In fact, Lajtha’s Seventh, like Vaughan Williams’s Fourth, stands somewhat apart from its neighbouring symphonies both in its acerbic bitterness and its violence of expression. It does, however, differ from the Vaughan Williams in many ways, not least the presence of some sections of emotional warmth which develop from a saxophone solo in the first movement into a string cantilena, and a similar passage which forms a central section to the somewhat severe slow movement (with a use of tuned percussion that echoes in some ways the Vaughan Williams of the Sinfonia Antartica). It is the finale, however, which is the most impressive, a tertiary structure where a Prokofiev-like sense of bustle surrounds a more sinister march with Mahlerian echoes and undertones. This suddenly gives way to a Hungarian-sounding chorale, scored with all the richness and boldness which we find in Messiaen, before it is abruptly interrupted by a series of percussive fusillades which peter away into a nothingness which seems to beg the return of the chorale in triumph—an expectation which is inevitably disappointed. The meaning of this music is clear now, and it must have been equally clear to contemporary audiences. There are echoes of Lajtha’s cosmopolitan background (he studied under d’Indy, and spent much of his career between the wars in the West) but these influences are subsumed into the composer’s own style, and this symphony is a most impressive piece of work. The use of the harp during the first two movements, sometimes providing an impressionist backwash but also assuming a prickly prominence, is especially striking.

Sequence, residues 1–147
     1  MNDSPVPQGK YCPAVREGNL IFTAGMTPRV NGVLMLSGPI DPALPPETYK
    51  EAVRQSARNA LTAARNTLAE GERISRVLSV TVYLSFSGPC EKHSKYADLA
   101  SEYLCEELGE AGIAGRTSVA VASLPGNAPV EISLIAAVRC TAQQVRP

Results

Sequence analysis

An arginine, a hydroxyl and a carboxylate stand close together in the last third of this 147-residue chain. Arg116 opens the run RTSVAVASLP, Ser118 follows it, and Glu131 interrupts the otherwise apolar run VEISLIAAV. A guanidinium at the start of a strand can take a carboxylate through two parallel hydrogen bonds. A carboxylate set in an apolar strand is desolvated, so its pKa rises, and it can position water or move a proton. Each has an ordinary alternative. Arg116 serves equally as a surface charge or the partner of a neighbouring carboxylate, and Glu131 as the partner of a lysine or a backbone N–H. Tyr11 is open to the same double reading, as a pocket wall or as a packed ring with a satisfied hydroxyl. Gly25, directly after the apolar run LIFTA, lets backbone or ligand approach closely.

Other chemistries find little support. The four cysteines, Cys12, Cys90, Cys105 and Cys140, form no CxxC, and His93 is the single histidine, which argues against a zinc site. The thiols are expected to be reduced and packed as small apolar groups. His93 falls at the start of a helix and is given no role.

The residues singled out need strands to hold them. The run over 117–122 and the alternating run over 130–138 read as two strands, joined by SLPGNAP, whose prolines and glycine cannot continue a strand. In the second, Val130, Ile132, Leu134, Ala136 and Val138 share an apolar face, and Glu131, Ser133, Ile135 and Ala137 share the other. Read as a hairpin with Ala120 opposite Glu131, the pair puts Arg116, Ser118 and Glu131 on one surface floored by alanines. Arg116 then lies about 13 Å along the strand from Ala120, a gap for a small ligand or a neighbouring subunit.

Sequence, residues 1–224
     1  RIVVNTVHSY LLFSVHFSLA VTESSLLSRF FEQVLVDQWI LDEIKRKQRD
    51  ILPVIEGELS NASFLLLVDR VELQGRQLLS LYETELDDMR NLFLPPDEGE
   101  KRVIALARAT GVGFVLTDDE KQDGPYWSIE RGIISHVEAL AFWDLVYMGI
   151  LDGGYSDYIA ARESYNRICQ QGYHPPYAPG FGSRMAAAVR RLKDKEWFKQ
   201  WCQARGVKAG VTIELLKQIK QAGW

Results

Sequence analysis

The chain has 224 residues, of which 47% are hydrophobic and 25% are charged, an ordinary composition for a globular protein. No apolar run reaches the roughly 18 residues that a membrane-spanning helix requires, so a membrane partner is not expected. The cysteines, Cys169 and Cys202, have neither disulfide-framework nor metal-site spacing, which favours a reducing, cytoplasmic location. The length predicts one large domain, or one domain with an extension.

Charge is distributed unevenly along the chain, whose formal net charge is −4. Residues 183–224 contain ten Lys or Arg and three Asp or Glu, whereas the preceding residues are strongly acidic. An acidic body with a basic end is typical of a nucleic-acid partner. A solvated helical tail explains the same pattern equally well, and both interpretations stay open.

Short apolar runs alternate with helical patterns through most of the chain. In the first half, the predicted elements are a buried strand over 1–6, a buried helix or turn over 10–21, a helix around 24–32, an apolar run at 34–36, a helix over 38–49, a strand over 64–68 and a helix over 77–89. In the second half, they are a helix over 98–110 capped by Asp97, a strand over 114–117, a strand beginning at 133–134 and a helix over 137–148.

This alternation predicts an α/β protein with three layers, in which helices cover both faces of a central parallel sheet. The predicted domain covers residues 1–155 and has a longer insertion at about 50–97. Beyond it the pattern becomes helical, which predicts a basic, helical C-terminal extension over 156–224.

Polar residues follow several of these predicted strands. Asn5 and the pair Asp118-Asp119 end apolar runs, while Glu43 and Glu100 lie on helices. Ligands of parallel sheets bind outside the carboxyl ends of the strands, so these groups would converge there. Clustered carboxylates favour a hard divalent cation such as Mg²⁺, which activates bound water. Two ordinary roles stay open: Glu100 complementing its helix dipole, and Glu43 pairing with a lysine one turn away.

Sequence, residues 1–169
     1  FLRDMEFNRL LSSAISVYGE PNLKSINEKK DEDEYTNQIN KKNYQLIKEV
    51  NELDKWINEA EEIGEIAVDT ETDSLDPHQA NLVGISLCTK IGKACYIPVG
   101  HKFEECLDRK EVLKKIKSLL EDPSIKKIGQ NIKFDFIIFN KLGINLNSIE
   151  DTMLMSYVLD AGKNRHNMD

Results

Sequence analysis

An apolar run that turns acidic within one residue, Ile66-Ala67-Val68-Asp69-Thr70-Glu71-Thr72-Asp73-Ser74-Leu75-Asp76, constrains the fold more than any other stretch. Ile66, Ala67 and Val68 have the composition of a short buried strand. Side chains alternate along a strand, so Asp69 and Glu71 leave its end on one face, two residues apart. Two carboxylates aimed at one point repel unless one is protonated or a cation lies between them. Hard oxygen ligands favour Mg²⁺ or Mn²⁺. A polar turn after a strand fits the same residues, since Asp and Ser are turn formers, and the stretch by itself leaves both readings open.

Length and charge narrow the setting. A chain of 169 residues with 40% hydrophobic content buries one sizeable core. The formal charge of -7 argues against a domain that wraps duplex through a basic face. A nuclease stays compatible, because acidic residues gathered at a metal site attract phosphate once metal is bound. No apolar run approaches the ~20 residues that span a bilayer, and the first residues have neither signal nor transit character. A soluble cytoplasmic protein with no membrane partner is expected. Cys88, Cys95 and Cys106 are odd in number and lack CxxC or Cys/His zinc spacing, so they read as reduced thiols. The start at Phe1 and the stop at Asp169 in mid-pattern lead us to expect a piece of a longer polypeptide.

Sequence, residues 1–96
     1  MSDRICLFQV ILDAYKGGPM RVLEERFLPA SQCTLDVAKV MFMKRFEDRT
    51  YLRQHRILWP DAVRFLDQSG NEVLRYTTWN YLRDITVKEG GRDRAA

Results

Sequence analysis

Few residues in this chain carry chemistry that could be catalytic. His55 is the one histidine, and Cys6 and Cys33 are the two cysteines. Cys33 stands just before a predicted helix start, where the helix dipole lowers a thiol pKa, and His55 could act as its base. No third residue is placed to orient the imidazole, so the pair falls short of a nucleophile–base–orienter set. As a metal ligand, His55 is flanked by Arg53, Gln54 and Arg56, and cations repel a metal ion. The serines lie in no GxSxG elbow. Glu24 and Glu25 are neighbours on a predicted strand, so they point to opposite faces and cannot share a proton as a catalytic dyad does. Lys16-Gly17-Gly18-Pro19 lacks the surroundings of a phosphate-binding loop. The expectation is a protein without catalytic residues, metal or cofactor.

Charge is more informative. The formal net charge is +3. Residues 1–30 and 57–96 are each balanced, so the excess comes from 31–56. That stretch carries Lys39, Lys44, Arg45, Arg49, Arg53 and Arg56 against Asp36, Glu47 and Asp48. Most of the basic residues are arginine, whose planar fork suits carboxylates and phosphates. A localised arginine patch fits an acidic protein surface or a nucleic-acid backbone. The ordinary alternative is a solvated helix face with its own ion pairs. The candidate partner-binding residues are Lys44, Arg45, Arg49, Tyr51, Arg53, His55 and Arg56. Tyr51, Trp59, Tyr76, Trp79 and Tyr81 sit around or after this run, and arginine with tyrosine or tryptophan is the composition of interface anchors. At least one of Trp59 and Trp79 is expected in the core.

Similar cosmopolitan influences are to be found in the score for Hartobágy, although oddly enough the composer in a lecture for the BBC in 1948 proposed the theory that film music should be “purged of all foreign elements”. Echoes can be heard of both Bax’s Third Symphony and Moeran’s symphony—both available in successful recordings at the time of Lajtha’s visit to Britain—as well as even more obviously a near-quotation from Debussy in the skirling woodwind phrases of the second movement. All of this seems rather odd in a work written for a documentary on the Hungarian countryside; but the lighter Suite has plenty of Hungarian elements, albeit in a style that is more reminiscent of Kodály than Bartók. It seems odd that Lajtha should have vetoed the inclusion of this latter work in a programme to celebrate the centenary of the Hungarian Philharmonic Orchestra; but his remark, that he saw no reason to join “the worms”, hardly seems likely to have recommended him to the Communist authorities.
In the case of some of Marco Polo’s pioneering releases, later issues from other companies with better orchestras or recordings have rendered the originally valuable CDs less desirable than they were when they were unchallenged in the catalogues. But the recordings by the Pécs orchestra were really pretty good to begin with, and it is not perhaps so surprising that since the 1990s no other performers or labels have felt the need to enter into the lists with challengers. Indeed, this series still remains unchallenged as the only representation of Lajtha’s music for full orchestra in the catalogues. The playing under the enthusiastic Nicolás Pasquet is excellent (perhaps a little underpowered in the full-bodied string passages in the symphony) and the recording is well-balanced, even though perhaps the brass are too close to the microphones to allow for their full resonance to be heard. One hopes that the discovery of the composer, aided by these bargain reissues, will take on new momentum. And, in the meantime, these Naxos CDs will more than suffice, as previous reviewers on this site have already reported.